The door opened and a soaked young man, about 20 years old, walked in and threw himself down on one of the vacant 1970s sofa chairs, as if we had been expecting him on this rainy night. And by our response to him, he may have thought that we were indeed expecting him, as we greeted him with the delight of a long, lost friend.
“I’m drunk,” he stated, almost expecting us to be horrified. We didn’t take the bait. A drunk guy walking into the church building seemed like the best dry place to be at that moment.
“I’ve been thinking about killing myself lately.”
“Oh yeah? Why have you been thinking that?” we asked gently.
“Because I don’t have a purpose in life. I think about it all the time, and I have come to the conclusion that since I have no purpose, there is no reason to live.
“My friend told me that if God wants us to be at peace … and if death will give me peace … then God wants me to die so I will be at peace.”
All I could feel at that moment was a deep and profound sense of sadness. Yes, for him, but even more so for the millions of people in our country who are just as confused and hopeless.
We live in an incredibly unique time in history in which there is a strange mass collision of shallowness, superficiality, competing narratives that try to explain our existence, and depersonalization wrought by technology, all accompanied by a growing disdain for spirituality, in general, and religion, in specific, from a hyper-rationalistic culture.
This collision is leaving a growing number of people, especially younger generations, questioning their worth, value and purpose in life.
The truth is that humans have a longing to know that their lives matter and that there is a purpose for which they live.
On that rainy night, we were witnesses to both the wreckage and the longing. The cry amid the scattered parts was for someone, anyone, to help make sense of the devastation.
From that vantage point, all one can see is rock bottom. All one can feel is utter hopelessness.
Who can help me? Who can save me? Who can help me make sense of my life that is falling apart? Do I not have a purpose?
He was asking the right questions, but I wonder if those in the same exact situation as this young man are left completely alone in their brokenness and unanswered questions.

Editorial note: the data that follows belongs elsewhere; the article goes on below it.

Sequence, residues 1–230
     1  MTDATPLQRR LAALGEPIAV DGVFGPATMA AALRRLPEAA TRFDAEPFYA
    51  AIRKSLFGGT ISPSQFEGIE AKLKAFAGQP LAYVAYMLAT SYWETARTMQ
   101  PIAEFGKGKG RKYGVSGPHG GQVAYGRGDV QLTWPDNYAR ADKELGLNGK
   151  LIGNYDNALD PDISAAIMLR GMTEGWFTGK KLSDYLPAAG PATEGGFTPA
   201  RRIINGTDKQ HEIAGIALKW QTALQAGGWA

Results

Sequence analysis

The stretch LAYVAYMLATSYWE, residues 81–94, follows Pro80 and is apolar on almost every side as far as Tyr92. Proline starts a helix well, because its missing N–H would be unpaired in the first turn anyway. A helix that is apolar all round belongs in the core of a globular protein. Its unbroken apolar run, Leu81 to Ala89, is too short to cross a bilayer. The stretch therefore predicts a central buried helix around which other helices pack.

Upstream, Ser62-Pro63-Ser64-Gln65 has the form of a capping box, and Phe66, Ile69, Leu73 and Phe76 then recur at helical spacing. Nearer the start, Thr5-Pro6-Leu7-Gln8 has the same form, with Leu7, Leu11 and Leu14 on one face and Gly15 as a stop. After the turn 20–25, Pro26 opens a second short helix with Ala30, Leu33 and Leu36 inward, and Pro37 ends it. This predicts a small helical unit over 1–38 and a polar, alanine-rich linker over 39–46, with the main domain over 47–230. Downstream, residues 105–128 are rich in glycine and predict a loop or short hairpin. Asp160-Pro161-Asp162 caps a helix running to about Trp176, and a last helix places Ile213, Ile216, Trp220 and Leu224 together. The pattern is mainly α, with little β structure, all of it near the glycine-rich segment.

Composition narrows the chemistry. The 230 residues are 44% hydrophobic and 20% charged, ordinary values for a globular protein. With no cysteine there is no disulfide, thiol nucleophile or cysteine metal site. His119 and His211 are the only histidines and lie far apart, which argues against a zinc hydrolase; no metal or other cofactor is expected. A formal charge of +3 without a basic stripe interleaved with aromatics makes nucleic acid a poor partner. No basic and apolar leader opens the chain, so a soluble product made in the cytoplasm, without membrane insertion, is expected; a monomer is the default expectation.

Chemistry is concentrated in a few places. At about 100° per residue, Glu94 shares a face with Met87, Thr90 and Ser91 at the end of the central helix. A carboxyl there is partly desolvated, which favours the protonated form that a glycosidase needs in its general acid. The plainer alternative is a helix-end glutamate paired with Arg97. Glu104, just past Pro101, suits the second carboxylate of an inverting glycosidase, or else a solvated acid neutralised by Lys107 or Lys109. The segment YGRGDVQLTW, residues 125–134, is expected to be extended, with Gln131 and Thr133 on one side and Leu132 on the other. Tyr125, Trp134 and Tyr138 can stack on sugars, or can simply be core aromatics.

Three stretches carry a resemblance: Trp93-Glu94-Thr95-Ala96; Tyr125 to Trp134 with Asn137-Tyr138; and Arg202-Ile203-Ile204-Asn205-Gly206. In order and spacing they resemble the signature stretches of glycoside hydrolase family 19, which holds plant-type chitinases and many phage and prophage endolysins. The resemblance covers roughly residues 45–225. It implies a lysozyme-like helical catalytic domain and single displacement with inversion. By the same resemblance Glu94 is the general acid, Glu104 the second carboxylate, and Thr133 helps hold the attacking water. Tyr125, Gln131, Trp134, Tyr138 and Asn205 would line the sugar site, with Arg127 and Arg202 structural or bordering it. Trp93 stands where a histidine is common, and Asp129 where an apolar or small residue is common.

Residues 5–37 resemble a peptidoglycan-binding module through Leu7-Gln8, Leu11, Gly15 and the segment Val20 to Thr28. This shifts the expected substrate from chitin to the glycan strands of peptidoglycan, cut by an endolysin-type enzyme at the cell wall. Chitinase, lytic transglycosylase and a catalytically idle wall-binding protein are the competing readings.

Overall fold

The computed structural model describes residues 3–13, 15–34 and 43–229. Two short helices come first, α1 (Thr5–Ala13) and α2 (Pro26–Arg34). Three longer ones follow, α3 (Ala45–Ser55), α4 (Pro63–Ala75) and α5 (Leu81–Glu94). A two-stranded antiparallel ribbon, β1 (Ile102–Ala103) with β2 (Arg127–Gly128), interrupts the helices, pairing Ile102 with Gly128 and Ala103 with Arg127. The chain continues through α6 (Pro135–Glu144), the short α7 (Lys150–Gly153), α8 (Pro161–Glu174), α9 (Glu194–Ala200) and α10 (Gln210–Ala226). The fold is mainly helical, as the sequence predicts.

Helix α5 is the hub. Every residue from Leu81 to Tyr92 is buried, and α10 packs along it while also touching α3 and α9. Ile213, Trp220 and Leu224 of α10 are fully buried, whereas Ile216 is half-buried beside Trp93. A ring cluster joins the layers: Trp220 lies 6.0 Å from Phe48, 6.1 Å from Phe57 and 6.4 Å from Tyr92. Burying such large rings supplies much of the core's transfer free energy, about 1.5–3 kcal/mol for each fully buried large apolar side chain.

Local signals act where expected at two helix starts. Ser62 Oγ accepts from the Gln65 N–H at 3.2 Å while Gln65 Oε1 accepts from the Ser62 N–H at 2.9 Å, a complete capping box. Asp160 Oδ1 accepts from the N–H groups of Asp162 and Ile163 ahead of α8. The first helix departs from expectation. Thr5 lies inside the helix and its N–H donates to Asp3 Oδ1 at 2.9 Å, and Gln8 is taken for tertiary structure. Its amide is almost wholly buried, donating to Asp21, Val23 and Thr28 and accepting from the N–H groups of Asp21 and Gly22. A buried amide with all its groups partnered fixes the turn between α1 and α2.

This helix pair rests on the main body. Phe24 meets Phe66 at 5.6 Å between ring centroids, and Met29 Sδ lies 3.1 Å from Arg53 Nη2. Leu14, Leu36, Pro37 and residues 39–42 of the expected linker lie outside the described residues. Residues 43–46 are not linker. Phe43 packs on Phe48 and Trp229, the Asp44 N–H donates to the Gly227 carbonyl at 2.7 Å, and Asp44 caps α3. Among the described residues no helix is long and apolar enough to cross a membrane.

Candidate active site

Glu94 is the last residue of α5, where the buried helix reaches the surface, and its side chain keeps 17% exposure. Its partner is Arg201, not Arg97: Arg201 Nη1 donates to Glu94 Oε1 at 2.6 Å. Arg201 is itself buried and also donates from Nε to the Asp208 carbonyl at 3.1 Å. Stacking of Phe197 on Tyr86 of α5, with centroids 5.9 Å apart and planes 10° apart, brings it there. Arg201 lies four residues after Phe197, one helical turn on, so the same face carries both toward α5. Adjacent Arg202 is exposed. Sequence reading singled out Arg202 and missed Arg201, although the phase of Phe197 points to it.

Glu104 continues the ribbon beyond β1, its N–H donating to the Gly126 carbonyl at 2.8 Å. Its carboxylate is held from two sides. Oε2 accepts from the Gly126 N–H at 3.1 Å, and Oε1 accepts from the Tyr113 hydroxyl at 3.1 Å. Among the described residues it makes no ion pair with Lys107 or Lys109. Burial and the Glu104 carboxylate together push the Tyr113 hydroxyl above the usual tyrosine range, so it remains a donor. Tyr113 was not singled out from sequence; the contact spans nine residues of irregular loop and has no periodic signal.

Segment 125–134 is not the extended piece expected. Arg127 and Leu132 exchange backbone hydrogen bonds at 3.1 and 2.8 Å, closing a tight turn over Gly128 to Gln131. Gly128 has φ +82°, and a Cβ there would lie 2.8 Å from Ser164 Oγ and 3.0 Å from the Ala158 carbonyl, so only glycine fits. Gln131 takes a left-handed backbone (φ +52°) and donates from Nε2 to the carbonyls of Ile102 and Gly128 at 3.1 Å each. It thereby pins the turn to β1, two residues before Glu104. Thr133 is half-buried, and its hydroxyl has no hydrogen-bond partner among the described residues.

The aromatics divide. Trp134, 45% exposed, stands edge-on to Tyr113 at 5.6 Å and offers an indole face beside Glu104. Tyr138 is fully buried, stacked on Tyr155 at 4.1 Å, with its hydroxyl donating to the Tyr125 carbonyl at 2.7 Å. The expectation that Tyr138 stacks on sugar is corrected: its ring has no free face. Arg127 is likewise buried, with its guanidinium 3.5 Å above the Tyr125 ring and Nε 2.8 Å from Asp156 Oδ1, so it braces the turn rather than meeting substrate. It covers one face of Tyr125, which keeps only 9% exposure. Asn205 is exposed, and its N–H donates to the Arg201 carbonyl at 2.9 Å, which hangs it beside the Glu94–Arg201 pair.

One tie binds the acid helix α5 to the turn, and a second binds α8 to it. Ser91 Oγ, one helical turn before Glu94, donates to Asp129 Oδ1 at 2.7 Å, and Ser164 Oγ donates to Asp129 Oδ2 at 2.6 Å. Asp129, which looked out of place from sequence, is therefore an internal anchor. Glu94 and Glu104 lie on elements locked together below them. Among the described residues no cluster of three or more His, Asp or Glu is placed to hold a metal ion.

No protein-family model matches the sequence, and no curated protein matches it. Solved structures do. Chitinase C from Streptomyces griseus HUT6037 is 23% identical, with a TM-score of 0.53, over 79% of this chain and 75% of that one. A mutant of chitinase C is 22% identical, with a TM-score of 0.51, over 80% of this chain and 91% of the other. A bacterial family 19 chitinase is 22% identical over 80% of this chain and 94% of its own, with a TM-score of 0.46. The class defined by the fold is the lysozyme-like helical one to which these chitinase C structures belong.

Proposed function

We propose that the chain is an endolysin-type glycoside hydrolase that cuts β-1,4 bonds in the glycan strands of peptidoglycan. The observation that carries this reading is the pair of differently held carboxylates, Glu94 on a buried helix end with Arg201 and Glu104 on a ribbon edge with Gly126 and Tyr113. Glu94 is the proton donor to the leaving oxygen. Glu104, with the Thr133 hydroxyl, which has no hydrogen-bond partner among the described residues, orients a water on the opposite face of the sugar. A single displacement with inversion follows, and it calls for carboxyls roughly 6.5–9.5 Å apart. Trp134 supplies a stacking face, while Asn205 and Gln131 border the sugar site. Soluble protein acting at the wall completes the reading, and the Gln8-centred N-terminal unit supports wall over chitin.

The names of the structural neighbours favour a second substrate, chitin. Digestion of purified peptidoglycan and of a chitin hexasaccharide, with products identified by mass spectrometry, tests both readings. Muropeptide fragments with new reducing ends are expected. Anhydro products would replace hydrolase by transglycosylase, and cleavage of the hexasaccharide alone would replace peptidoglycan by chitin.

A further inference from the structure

With more people than ever abandoning faith and the wreckage of lives continuing to pile up, I wonder when we, as the church, are going to come to the realization that something needs to change?
As those who have been in the wreckage ourselves and as those who have asked in the past about our own identity and purpose in the devastation, we know that the real beauty of the wreckage and all the broken parts is that a restorer can piece them back together.
And that is the greatest news one could ever hear. But I wonder if we ever get a chance to share that with anyone on a daily or weekly basis?
For it is God who restored us in Christ and gave us a new identity and purpose for which to live, restoring the lives of others.
I am not talking about this abstract, generalized idea of the church in which we each can agree that there is a problem, but easily hide and take no individual responsibility.
If there is a problem, we, as individuals, are the problem.
And it is you — not your pastor, not your church staff, not someone more educated in the Bible. But you, who has been reconciled to God through Jesus Christ for the purpose of being a minister of reconciliation — a minister whose task is the restoration of people to God.
“I don’t think that God wants you to die. In fact, God wants you to live — and to live a full life. And I am not quite sure that a full life and peace is found in death.”
I had his complete attention.
“There are two ways,” I started. “One way is full of life, love, joy, kindness, unity, peace, turning the other cheek, forgiveness, mercy, service, grace, and hope … and it is beautiful and our hearts long to be a part of something so exquisite. That is the way of Christ; it is our true identity and our true purpose in this life. Christ gives us a new identity and then our purpose is to take that new kind of life to others. And that is what you are being invited into right now.”
I could see his eyes beginning to tear up as if he could never imagine such a life.
“But there is also another way. There is the way of death, hatred, bitterness, revenge, retaliation, division, self-centeredness, rage, resentment, judgment, pride and despair. This way is not of God.”
“I don’t want that,” he said.
We all stood together, embraced as brothers, and began to pray. And it felt as if the prodigal son had come home. Home to the open arms of the father through the embrace of a few guys who realized that we are all ministers who God is using for the restoration of others.
Brandon Andress is a former church leader and a contributor to the online Outside the Walls blog. He can be reached at his website andthentheendwillcome.com or brandonandress.com.